## NOTE WELL: This Specification is provided on an "AS IS" BASIS, WITHOUT WARRANTIES OR CONDITIONS OF ANY KIND, express or implied, including, without limitation, any warranties or conditions of TITLE, NON-INFRINGEMENT, MERCHANTABILITY, or FITNESS FOR A PARTICULAR PURPOSE. ##
In no event and under no legal theory, whether in tort (including negligence), contract, or otherwise, unless required by applicable law (such as deliberate and grossly negligent acts) or agreed to in writing, shall the XMPP Standards Foundation or any author of this Specification be liable for damages, including any direct, indirect, special, incidental, or consequential damages of any character arising from, out of, or in connection with the Specification or the implementation, deployment, or other use of the Specification (including but not limited to damages for loss of goodwill, work stoppage, computer failure or malfunction, or any and all other commercial damages or losses), even if the XMPP Standards Foundation or such author has been advised of the possibility of such damages.
This XMPP Extension Protocol has been contributed in full conformance with the XSF's Intellectual Property Rights Policy (a copy of which can be found at <https://xmpp.org/about/xsf/ipr-policy> or obtained by writing to XMPP Standards Foundation, P.O. Box 787, Parker, CO 80134 USA).
The Extensible Messaging and Presence Protocol (XMPP) is defined in the XMPP Core (RFC 6120) and XMPP IM (RFC 6121) specifications contributed by the XMPP Standards Foundation to the Internet Standards Process, which is managed by the Internet Engineering Task Force in accordance with RFC 2026. Any protocol defined in this document has been developed outside the Internet Standards Process and is to be understood as an extension to XMPP rather than as an evolution, development, or modification of XMPP itself.
There exists a special venue for discussion related to the technology described in this document: the <email@example.com> mailing list.
The primary venue for discussion of XMPP Extension Protocols is the <firstname.lastname@example.org> discussion list.
Discussion on other xmpp.org discussion lists might also be appropriate; see <http://xmpp.org/about/discuss.shtml> for a complete list.
Errata can be sent to <email@example.com>.
The following requirements keywords as used in this document are to be interpreted as described in RFC 2119: "MUST", "SHALL", "REQUIRED"; "MUST NOT", "SHALL NOT"; "SHOULD", "RECOMMENDED"; "SHOULD NOT", "NOT RECOMMENDED"; "MAY", "OPTIONAL".
14. The XMPP Standards Foundation (XSF) is an independent, non-profit membership organization that develops open extensions to the IETF's Extensible Messaging and Presence Protocol (XMPP). For further information, see <https://xmpp.org/about/xmpp-standards-foundation>.
15. The Internet Engineering Task Force is the principal body engaged in the development of new Internet standard specifications, best known for its work on standards such as HTTP and SMTP. For further information, see <http://www.ietf.org/>.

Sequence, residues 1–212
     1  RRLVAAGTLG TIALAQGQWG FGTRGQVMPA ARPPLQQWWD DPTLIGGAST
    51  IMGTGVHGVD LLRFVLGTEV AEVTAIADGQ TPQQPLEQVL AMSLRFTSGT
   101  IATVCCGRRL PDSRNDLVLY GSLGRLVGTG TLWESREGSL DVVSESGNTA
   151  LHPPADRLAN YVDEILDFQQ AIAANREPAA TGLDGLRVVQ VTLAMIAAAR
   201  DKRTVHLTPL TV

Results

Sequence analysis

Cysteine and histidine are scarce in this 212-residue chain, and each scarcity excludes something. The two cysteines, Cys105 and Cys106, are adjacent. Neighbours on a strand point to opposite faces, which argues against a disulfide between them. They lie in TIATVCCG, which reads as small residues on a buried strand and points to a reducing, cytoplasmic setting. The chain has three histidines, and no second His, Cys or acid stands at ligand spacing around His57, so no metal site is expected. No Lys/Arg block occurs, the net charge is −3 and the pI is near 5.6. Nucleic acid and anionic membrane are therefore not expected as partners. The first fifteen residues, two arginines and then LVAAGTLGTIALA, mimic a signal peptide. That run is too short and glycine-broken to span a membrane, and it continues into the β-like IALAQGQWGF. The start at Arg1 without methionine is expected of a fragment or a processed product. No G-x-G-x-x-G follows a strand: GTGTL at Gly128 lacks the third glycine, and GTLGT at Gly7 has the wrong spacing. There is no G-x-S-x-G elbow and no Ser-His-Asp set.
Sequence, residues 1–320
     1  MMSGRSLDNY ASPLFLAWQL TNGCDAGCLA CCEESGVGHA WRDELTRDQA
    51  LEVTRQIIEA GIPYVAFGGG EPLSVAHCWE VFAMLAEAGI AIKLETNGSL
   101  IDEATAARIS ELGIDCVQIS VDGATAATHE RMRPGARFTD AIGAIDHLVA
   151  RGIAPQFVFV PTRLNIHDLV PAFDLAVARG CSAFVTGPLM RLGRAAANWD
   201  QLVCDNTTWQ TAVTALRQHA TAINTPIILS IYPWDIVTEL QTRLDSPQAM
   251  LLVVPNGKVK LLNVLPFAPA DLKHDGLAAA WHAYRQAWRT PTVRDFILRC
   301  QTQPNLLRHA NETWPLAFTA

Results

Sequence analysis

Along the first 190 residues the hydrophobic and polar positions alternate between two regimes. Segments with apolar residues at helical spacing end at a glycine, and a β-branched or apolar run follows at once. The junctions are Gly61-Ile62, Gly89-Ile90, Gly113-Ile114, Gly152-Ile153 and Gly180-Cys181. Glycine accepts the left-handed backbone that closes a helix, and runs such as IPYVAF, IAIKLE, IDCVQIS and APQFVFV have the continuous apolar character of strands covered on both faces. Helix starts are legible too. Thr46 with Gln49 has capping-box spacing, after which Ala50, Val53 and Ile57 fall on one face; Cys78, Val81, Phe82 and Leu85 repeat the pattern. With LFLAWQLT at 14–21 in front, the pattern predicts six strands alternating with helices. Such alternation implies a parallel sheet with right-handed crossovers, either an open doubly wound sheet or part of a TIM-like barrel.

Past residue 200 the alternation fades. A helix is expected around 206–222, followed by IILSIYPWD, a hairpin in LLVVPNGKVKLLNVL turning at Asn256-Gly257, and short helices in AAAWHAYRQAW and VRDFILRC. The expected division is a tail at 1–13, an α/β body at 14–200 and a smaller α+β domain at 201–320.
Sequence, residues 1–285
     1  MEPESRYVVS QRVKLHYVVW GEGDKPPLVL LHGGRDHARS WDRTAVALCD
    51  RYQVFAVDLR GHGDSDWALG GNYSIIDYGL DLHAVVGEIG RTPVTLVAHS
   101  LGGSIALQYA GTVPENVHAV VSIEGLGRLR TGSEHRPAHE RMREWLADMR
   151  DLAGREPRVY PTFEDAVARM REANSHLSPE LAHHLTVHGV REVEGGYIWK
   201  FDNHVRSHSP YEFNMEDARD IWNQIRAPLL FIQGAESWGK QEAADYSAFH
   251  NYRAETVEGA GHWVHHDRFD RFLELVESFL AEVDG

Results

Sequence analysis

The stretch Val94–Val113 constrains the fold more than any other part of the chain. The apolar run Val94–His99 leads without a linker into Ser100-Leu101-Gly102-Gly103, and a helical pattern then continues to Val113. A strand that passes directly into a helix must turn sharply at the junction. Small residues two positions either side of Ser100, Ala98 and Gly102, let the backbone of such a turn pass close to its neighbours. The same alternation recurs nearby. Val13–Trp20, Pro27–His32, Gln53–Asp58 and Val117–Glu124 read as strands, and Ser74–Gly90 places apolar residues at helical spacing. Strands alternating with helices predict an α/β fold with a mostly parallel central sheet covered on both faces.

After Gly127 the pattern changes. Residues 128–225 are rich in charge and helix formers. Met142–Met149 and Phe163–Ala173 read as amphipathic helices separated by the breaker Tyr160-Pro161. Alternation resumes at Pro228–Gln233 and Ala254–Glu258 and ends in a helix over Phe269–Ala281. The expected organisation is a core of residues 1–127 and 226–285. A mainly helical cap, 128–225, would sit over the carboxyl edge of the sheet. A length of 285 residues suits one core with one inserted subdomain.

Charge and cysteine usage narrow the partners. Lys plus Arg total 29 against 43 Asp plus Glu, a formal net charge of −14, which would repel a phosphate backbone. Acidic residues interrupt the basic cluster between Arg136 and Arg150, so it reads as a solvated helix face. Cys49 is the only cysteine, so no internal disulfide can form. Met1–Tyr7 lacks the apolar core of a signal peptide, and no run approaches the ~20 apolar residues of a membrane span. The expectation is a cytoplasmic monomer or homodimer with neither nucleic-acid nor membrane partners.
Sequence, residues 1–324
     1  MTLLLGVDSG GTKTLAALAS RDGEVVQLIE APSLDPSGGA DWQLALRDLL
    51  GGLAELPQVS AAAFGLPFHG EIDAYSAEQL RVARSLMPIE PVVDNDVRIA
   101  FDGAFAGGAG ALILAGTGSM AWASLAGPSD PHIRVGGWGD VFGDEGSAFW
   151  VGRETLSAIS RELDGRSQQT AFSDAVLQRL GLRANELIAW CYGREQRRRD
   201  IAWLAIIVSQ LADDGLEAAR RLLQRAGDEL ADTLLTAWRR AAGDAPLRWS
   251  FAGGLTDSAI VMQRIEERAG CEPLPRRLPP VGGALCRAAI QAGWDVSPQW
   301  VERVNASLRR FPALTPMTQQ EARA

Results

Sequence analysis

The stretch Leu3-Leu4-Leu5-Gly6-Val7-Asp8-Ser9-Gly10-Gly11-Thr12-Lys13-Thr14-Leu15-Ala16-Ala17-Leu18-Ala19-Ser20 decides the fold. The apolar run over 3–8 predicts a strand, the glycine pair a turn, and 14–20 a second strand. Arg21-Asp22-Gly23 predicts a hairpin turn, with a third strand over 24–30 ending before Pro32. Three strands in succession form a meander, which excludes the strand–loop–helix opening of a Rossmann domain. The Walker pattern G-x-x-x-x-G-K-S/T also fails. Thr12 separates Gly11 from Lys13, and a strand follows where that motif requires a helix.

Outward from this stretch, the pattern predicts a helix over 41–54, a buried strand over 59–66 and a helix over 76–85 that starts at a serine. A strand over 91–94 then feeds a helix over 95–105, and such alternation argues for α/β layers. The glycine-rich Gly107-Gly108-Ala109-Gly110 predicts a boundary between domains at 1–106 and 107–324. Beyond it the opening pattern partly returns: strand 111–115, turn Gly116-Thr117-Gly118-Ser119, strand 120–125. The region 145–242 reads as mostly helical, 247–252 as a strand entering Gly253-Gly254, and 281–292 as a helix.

17. Naturally, more complex scenarios are possible; such scenarios are described in other specifications, such as Jingle RTP Sessions for voice and video chat.
19. Extensible Messaging and Presence Protocol (XMPP) End-to-End Encryption Using Transport Layer Security ("XTLS") <http://tools.ietf.org/html/draft-meyer-xmpp-e2e-encryption>.
20. ITU Recommendation H.323: Packet-based Multimedia Communications Systems (September 1999).
21. Interworking between the Session Initiation Protocol (SIP) and the Extensible Messaging and Presence Protocol (XMPP): Media Sessions <http://tools.ietf.org/html/draft-ietf-stox-media> (work in progress).
32. The Internet Assigned Numbers Authority (IANA) is the central coordinator for the assignment of unique parameter values for Internet protocols, such as port numbers and URI schemes. For further information, see <http://www.iana.org/>.
33. The XMPP Registrar maintains a list of reserved protocol namespaces as well as registries of parameters used in the context of XMPP extension protocols approved by the XMPP Standards Foundation. For further information, see <https://xmpp.org/registrar/>.
36. It is true that TINS made it relatively easy to implement an XMPP-to-SIP gateway; however, in line with the long-time Jabber philosophy of "simple clients, complex servers", it would be better to force complexity onto the server-side gateway and to keep the client as simple as possible.
37. For example, one large ISP decided to switch to a pure XMPP approach after having implemented and deployed a dual-stack client for several years.
39. The Standards SIG is a standing Special Interest Group devoted to development of XMPP Extension Protocols. The discussion list of the Standards SIG is the primary venue for discussion of XMPP protocol extensions, as well as for announcements by the XMPP Extensions Editor and XMPP Registrar. To subscribe to the list or view the list archives, visit <https://mail.jabber.org/mailman/listinfo/standards/>.
40. Before this specification was formally accepted by the XMPP Standards Foundation as an XMPP Extension Protocol, it was discussed on the semi-private <firstname.lastname@example.org> mailing list. This list has since been resurrected as a special-purpose venue for discussion of Jingle protocols and implementation; interested developers can subscribe and access the archives at at <http://mail.jabber.org/mailman/listinfo/jingle/>.
Note: Older versions of this specification might be available at http://xmpp.org/extensions/attic/
Add missing security-info in section 5.1, forgotten in version 0.35.
Fix broken reference to draft-ietf-stox-media
Specified handling of duplicate name attributes on content element; clarified recommended usage of Jingle when exchanging multiple content-types; declared the principle that application types ought not to be mixed beyond necessity within a single session; clarified use of the reason element in cases other than termination.
Per a vote of the XMPP Council, advanced specification from Experimental to Draft; also required inclusion of the creator attribute per list consensus.